How the rats made the most of life in the Sunshine state
‘Jacks and Jokers’
University of Queensland Press, $29.95
Brisbane author and journalist Matthew Condon has produced a highly readable, well-researched and multi-layered expose of police and political malfeasance in the Sunshine State. Following on from the widely praised ‘Three Crooked Kings’, ‘Jacks and Jokers’ begins in mid-1976. Exiled in the dusty western Queensland town of Charleville, Inspector Terence (”Terry”) Lewis is soon to be controversially appointed by the Bjelke-Petersen government as deputy commissioner, and then rapidly as commissioner of police.
As Condon makes clear, Lewis was aided and encouraged in his ascendancy by some members of the legendary Queensland ”Rat Pack”, including detective Tony Murphy, then based in Longreach; the controversial former detective Glen Patrick Hallahan; plus the so-called ”Bagman”, Jack Herbert, who had been a member of Queensland’s Licensing Branch.
This powerful troika helped motivate then premier Bjelke-Petersen to force the removal of the ethical, reformist Queensland police commissioner, Ray Whitrod. From the moment Lewis started work as commissioner on November 29, 1976, the Queensland police force became almost entirely politicised and, with a few conspicuously brave exceptions, utterly compromised. That was until the explosive findings of Tony Fitzgerald’s ”Commission of Inquiry into Possible Illegal Activities and Associated Police Misconduct” were tabled in Queensland’s one-house state parliament in July 1989.
Soon after the ousting of Whitrod, Lewis arranged for the fearsomely talented Murphy to be brought back to Brisbane. He took command of the Consorting Squad in February 1977 and was ordered by Lewis to dismantle and refashion Whitrod’s ”police spy” operation, the Crime Intelligence Unit.
With the unit rebadged as the Bureau of Criminal Intelligence, Murphy and Lewis proceeded to increase exponentially the illegal funds coming to the ”Rat Pack” – including massive amounts of protection money derived from SP bookmaking and other lucrative forms of illegal gambling, and also for organised prostitution in so-called ”massage parlours”. Large sums of protection money from the latter were paid to members of the Licensing Branch, which reported directly to Lewis. By the late 1970s, ”Herbert was controlling a corrupt annual income of millions of dollars, a slice of which he distributed to Murphy and Lewis”.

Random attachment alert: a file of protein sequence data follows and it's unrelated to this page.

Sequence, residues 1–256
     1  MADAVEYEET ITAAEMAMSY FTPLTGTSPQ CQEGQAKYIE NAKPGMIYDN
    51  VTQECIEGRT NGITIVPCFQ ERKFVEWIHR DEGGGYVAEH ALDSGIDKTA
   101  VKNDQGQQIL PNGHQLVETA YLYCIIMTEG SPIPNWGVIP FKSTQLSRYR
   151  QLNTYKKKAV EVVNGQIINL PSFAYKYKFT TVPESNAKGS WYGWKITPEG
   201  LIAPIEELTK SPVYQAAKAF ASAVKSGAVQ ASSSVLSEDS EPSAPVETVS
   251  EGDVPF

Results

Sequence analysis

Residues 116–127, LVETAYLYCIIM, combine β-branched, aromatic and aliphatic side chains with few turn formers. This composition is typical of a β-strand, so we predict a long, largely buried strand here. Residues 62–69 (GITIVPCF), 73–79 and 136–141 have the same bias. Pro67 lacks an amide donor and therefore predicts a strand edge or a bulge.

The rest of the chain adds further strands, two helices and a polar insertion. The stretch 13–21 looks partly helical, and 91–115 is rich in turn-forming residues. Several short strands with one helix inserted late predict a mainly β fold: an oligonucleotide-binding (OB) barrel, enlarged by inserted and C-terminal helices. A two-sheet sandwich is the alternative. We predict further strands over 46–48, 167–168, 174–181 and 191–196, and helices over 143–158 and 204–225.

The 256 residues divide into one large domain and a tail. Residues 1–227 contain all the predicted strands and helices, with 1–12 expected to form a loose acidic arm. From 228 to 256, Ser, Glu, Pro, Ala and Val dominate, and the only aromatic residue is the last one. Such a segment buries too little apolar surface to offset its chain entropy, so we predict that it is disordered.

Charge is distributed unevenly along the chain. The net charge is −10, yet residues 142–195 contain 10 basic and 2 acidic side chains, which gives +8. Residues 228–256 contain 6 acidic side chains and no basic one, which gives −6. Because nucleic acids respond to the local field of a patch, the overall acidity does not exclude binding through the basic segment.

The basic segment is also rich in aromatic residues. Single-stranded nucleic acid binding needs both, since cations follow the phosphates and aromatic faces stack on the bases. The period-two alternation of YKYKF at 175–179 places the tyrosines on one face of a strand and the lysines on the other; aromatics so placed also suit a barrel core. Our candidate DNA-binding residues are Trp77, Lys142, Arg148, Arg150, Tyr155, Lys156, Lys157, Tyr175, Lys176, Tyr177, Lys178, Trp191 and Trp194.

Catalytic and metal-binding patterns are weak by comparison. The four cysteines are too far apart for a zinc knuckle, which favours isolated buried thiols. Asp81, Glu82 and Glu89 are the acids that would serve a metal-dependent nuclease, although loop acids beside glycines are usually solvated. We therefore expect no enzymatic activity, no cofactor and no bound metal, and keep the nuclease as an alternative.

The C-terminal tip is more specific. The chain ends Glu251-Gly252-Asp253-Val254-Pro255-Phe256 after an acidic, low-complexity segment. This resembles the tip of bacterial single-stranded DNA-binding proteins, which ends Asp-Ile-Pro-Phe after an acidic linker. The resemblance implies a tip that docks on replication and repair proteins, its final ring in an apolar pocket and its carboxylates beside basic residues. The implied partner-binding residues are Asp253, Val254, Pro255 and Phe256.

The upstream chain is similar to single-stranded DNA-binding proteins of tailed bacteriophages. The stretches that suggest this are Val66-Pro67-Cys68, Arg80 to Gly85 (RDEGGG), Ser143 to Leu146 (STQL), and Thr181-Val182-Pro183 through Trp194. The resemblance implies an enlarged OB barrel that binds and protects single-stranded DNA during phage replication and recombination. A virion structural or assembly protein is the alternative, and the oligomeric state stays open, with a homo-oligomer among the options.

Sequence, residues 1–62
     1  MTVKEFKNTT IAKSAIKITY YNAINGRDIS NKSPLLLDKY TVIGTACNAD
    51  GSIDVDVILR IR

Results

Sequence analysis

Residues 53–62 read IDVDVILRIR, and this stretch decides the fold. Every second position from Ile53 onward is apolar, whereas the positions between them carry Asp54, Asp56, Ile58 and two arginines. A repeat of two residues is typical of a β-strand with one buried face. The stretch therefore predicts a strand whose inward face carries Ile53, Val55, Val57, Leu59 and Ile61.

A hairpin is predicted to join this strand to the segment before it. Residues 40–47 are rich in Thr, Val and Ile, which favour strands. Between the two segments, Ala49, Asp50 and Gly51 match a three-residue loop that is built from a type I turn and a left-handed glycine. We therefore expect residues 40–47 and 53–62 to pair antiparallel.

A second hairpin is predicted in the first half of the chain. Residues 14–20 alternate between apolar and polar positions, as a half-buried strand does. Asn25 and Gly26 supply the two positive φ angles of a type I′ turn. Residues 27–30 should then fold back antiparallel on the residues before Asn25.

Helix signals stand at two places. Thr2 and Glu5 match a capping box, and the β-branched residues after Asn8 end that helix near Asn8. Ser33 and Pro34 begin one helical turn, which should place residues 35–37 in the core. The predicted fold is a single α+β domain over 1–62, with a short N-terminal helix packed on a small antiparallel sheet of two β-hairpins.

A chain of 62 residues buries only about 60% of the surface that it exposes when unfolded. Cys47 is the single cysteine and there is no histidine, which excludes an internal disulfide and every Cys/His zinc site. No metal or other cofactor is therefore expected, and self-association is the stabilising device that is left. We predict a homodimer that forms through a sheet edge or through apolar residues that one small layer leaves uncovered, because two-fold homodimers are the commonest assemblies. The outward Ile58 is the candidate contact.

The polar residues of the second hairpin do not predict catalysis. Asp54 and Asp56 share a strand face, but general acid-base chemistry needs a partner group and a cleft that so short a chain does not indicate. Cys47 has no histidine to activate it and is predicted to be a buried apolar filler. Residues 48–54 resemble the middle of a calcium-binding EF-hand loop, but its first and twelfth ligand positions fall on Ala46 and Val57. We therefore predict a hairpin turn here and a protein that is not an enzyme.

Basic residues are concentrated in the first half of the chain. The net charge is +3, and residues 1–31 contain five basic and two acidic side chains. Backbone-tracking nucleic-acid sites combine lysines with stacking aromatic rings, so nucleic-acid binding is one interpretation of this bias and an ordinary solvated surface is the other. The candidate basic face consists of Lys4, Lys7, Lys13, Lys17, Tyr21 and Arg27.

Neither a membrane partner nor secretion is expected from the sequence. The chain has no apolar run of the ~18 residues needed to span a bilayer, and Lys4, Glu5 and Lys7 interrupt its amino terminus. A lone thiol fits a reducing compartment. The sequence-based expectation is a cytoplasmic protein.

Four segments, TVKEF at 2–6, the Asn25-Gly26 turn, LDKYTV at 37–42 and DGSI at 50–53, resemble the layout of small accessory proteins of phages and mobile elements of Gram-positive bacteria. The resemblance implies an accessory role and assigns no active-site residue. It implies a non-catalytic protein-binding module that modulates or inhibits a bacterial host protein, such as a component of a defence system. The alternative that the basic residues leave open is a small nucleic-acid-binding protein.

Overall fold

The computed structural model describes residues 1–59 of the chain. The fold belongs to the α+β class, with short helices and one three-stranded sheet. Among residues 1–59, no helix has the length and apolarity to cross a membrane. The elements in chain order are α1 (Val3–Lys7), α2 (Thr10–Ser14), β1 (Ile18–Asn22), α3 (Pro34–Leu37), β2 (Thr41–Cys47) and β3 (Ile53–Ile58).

In some of their corrupt dealings, and in their attacks on civil liberties including the right to march, Herbert, Murphy and Lewis were aided by future Liberal Party turncoat, the state member for Merthyr, Don (”Shady”) Lane, a former police officer who had worked in the state’s Special Branch. As former commissioner Whitrod had predicted on the day of his resignation, Queensland under Bjelke-Petersen’s authoritarian government had turned into a police state.
‘Jacks and Jokers’ is a fascinating true story of crime and corruption in Queensland in the late ’70s and early ’80s. In this important book, Condon documents a number of hitherto unknown cases of rape, murder, mayhem, drug trafficking, stand-over tactics and paedophilia that occurred during Bjelke-Petersen’s regime and Lewis’ damaging tenure as commissioner.
In 1982, when the Commonwealth Games were being held in Brisbane, institutionalised police and political corruption in Queensland was at its height, as were concerted attacks on civil liberties and the right to demonstrate.
In October 1982, shortly before Murphy resigned from the force, Lewis and his wife Hazel were photographed with the Queen on board the royal yacht ‘Brittania’. As Condon documents, this was a time when the corrupt commissioner was directly influencing the appointment of cabinet ministers and judges.
The reality is that few journalists, lawyers and academics in Queensland publicly protested against Lewis and especially against his powerful premier, who was eventually awarded an honorary Doctorate of Laws by Queensland University.
For the record, under pressure from the Bjelke-Petersen regime, the University of Queensland Press was, in 1982, forced to withdraw, and then pulp, the second volume of my history of Queensland. During that terrible time when my wife and I looked like losing our home in Brisbane, the state government threatened me with prosecution for criminal libel. At that time, there had not been a criminal libel case in Australia since the 1951 trial of Frank Hardy for his novel ‘Power Without Glory’.
The final instalment of Condon’s provocative trilogy, ‘All Fall Down’, is due for release in 2015.
Ross Fitzgerald is emeritus professor of history and politics at Griffith University and the author of 36 books.
‘Sydney Morning Herald’, March 29-30, 2014, Spectrum, Books pp 30-31